Why Teach Go To A Mat

This week seems to be my week for mat work. Twice already I have been working with clients to begin the process of teaching their dog that a mat is a pretty awesome place to hang out and relax, as it is the place where valued stuff happens.

Teaching your dog to settle on a mat can help solve numerous dog training problems.The reason for training these two dogs to go to and settle on their mats is similar and different at the same time. One, a large lab, barks and jumps on guests upon their arrival. The other is a small dog who spends time sporadically during the day at his human’s work where he can hear people walking down the hall, car doors opening and closing, voices, telephones, and guests who walk in; and any or all of those stimuli can cause him to bark and run in circles.

In each of these cases, just saying ‘No’ to the dog, and with the lab, also trying to push him down or away, was not solving the problem. It is frustrating for those who live with dogs.  Why do dogs continue to do things that so clearly are not acceptable behaviors to their human companions?

What gets things of value will be repeated.

One thing is for sure, dogs are not behaving simply to annoy their people. They are simply animals who are doing behaviors that cause valued consequences – from their standpoint. A dog who jumps on visitors may be reinforced by humans that give attention, make noises, move in ways that appear to be play; and also by the dog’s own release of energy. There are many potential reinforcers for dogs who bark at noises and stimulus depending on their reason for barking. It could be that from a dog’s point of view, barking gets distance from a stimulus, gets attention or food, gets good people to walk in, is a release of energy, etc.

Here is the tricky part. This reinforcement need not occur after every incident of the behavior to maintain the behavior. In fact, intermittent reinforcement is the culprit of just about every (if not all) unwanted behavior that continues. It creates gamblers in learners, and lean reinforcement schedules cause great addicts. In other words, if there is a 1/500 chance that barking will cause a door to open with good people to walk through or get you attention or cause scary things to move away, then the dog will keep trying what works.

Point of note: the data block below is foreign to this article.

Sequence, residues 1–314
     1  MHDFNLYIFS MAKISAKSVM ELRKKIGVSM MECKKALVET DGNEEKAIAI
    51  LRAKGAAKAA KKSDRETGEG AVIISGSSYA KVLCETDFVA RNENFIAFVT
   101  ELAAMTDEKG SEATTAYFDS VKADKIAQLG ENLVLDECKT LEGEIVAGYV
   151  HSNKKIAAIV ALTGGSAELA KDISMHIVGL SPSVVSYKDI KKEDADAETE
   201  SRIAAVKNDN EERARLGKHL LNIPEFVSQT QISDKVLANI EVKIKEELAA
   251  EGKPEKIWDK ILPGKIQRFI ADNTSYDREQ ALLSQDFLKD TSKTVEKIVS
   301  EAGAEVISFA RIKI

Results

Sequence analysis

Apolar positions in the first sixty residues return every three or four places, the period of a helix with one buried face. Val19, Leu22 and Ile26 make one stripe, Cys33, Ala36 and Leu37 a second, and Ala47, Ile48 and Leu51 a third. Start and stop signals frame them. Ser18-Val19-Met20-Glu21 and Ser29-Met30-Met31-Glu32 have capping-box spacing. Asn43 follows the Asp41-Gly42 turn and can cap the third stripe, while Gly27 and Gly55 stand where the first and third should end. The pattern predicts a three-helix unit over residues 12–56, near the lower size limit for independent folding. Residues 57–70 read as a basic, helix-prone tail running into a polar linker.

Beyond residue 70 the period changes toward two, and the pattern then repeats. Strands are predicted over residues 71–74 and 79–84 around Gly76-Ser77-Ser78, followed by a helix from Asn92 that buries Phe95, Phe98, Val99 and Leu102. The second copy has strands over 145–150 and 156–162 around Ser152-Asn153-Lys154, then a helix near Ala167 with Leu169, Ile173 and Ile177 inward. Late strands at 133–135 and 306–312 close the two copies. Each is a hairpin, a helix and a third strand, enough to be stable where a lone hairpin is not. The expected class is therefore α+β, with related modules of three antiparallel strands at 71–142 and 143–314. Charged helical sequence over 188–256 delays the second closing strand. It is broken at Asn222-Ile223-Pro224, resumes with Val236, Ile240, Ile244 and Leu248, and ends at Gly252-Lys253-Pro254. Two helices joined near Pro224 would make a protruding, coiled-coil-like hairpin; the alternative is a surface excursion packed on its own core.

This is why, in order to solve problems in the most positive and least intrusive way, a component of your plan needs to be arranging the environment so as to prevent practice of the unwanted behavior. Another component is teaching your dog alternative and/or incompatible behaviors (a replacement behavior) that will get your dog a valued consequence. In doing this, with many repetitions, your dog will come to do the replacement behavior more because THAT behavior is associated with great outcomes.

And this is where the mat comes in. A dog cannot settle on a mat that is a distance from the door AND bark and jump on people at the same time, so we are spending time first teaching this dog to go to his mat, then settling on it, then working up to being able to stay with distractions, and then calm greetings. These skills are being worked on separate from the door before adding the door and real visitors into the mix.

As for the other dog, in just the first lesson there was a marked difference in his behavior in a short period. When he was sitting or laying down on his mat, he was already paying less attention to the noises than when he was walking around the office. When he did alert to a noise, I began teaching them to give him a treat ‘before’ he got up and began barking. Over time, with enough repetitions of good things (treats) happening after hearing a noise, he will come to have a different emotional response as well. (This is called classical conditioning.) Breaks to go outside and play are also part of his day. (Just part of what we are working on.)